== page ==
Okay, not every American guy is like me. I know this. American women can attest to this. But it seems like the lack of gentleman skills here have been kicked into overdrive. I once watched a woman walk out of a grocery store in the pouring rain carrying her items in her arms as her husband sat comfy and dry in the car. In Germany, if you don’t bring your own grocery bags, you generally carry your purchases to your car in your arms. But her dear, sweet husband…he let his poor wife do a balancing act on her way to the car. But no worries. The love of her life did push the door open from inside. Unfortunately, he was such a wimp, it took him three tries to get it open wide enough for her get in.

And there was the time when a German guy showed me what he does when he wants his wife to get him another beer. He just snaps his fingers. By the way, this wasn’t an old guy. This dude was under thirty!

And there’s the ingenious practice some men use to notify their wives when their beer supply needs to be replenished. Taped to the wall behind the bottles of their favorite brew is a note:

“If you can read this, you need to buy more beer.”

Warning: Guys, DO NOT try this in the US, especially those of you in my native Southern California. You might find a special note taped to the wall above your bed: “If you can read this, you need to use your hand.”

note-if-you-can-read-this

I once tried to assist a woman who walked down a steep, winding set of stairs holding a tray full of food. All the other men just stood there and watched. I, like an idiot, went over and offered to help. She looked at me and asked, “Why?”

“Why?” I thought. “Because I’m not interested in watching you fall and bust your ass!”

Perhaps my life would be easier if I were like the King and I drank for the poisoned well. Countless times

I’ve been given the shop-worn advice of, “When in Rome, do as the Romans.”

Hmm…when in Germany, do as the Germans?

However, my mom gave me different advice. “You have to be who you are. You couldn’t live with yourself if you didn’t.”

I smiled. Then she added, in a way for which she’s always been known:

“But if you do as those German men do, you leave it there in Germany when you come home.”Nope! I think I’ll drink from my own well. It’s safer. Snapping my fingers at my mom’s house could be dangerous.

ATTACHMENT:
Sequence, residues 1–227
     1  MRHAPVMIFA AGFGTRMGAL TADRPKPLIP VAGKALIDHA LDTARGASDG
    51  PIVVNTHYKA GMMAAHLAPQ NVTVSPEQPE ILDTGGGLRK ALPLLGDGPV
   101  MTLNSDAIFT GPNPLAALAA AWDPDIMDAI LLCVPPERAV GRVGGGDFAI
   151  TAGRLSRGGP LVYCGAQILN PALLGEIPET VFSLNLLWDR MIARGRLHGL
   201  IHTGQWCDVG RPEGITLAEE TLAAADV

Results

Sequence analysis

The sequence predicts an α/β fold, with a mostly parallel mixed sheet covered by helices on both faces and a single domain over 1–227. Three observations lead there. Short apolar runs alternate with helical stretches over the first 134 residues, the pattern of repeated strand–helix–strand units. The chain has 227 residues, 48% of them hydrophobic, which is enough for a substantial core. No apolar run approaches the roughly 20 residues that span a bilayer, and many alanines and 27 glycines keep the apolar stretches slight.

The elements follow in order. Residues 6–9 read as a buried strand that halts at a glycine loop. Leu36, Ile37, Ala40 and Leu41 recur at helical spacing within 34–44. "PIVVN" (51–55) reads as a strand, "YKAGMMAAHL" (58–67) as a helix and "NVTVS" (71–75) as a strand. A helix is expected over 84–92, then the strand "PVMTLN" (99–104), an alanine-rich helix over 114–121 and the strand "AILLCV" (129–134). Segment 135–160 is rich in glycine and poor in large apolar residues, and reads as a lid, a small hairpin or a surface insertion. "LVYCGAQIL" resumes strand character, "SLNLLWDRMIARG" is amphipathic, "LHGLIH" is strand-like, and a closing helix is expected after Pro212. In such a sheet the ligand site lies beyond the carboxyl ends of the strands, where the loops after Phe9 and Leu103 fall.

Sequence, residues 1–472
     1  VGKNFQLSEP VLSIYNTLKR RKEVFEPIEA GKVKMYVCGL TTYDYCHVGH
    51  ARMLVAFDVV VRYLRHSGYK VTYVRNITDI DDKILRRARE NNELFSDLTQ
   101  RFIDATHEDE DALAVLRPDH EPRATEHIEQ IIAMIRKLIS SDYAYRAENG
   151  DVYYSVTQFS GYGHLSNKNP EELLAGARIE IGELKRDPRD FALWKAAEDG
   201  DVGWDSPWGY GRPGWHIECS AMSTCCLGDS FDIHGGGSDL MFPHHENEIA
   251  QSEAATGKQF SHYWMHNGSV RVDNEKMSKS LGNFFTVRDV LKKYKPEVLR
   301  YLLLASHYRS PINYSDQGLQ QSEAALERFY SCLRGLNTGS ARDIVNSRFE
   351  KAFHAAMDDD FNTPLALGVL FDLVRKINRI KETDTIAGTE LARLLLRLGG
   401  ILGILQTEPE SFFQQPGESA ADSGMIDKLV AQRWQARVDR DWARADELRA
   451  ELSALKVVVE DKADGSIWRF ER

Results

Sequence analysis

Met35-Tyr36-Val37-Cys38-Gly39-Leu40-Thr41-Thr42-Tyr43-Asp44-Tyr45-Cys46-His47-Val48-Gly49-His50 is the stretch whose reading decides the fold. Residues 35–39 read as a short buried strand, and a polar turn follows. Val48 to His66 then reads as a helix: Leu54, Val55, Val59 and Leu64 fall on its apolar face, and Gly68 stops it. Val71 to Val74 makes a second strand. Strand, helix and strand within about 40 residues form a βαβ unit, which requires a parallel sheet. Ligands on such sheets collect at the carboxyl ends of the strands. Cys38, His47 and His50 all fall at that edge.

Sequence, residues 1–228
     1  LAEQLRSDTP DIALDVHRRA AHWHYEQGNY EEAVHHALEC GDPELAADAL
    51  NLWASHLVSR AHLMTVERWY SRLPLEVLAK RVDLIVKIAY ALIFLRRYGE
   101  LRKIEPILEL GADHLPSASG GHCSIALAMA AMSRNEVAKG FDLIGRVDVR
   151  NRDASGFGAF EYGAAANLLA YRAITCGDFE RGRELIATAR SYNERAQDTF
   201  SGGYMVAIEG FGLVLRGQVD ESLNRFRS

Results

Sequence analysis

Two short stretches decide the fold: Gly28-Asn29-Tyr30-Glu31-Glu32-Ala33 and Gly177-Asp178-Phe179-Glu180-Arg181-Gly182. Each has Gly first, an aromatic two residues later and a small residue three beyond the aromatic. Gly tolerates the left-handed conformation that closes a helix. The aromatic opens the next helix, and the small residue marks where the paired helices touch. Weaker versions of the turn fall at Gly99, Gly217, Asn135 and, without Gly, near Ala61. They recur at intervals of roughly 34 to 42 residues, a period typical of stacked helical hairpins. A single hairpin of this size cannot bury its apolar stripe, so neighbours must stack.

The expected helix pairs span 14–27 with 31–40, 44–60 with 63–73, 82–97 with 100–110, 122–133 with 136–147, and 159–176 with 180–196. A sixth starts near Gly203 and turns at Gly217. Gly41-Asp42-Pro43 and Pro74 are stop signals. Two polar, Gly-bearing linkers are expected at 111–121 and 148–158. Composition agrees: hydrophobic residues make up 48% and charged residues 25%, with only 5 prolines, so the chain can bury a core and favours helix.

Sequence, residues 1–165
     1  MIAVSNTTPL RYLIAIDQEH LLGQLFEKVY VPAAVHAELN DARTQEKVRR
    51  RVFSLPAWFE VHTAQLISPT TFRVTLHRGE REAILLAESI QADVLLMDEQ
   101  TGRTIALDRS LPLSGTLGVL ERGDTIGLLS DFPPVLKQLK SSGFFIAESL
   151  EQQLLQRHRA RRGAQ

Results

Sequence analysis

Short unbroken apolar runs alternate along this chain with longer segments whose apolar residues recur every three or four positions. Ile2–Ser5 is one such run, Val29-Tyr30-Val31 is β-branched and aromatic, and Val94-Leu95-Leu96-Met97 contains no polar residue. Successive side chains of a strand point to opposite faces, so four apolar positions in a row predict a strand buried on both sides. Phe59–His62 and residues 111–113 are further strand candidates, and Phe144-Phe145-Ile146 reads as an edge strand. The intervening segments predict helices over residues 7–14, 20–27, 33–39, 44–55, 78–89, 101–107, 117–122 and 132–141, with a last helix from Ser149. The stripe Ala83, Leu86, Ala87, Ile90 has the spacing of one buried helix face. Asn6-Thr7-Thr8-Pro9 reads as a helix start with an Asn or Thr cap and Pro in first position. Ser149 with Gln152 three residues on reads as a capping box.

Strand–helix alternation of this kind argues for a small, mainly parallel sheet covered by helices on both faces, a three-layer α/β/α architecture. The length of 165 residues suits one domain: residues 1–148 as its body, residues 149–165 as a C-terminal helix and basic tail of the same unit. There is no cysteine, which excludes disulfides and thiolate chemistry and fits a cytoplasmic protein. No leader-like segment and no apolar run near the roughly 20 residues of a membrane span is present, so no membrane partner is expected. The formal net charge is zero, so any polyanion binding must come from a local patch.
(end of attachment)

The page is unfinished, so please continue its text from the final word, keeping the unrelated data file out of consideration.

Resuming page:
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If you liked reading this post, please take a look at my books and singles. My most recent release is a collection (only $1.99!) titled Christmas Stories from my Heart: Four unforgettable holiday tales from my life . In fact, you can find all of my work listed at my Amazon.com author page here, or at my website here.  Thank you so much for reading my blog.

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Responses

  1. What a terrific writer!

  2. Gosh I really recognise this… I’m over 40, female, white, have two small children, and live in Germany. I’m not German, but Irish. I think we’re so ‘emancipated’ here, or think we are so, that we often forget what’s normal – common courtesy to help others who might simply appreciate it. In Ireland, it’s no big deal for a man to open a door for a woman – or vice versa. It’s also not an issue for men to run around assisting women with shopping, kids, jackets etc. It’s not because we know the other person can’t do it themselves, but it’s simply because we’re being considerate and nice! In Germany, the thinking is truly backward. Everyone has two hands and should fend for themselves, even if they need four… and two hands beside them are empty. Luckily … there are a few people like Lawrence (and I hope me/my family) who don’t accept it and want to pursue our own values. It just makes Germany a nicer place to be in.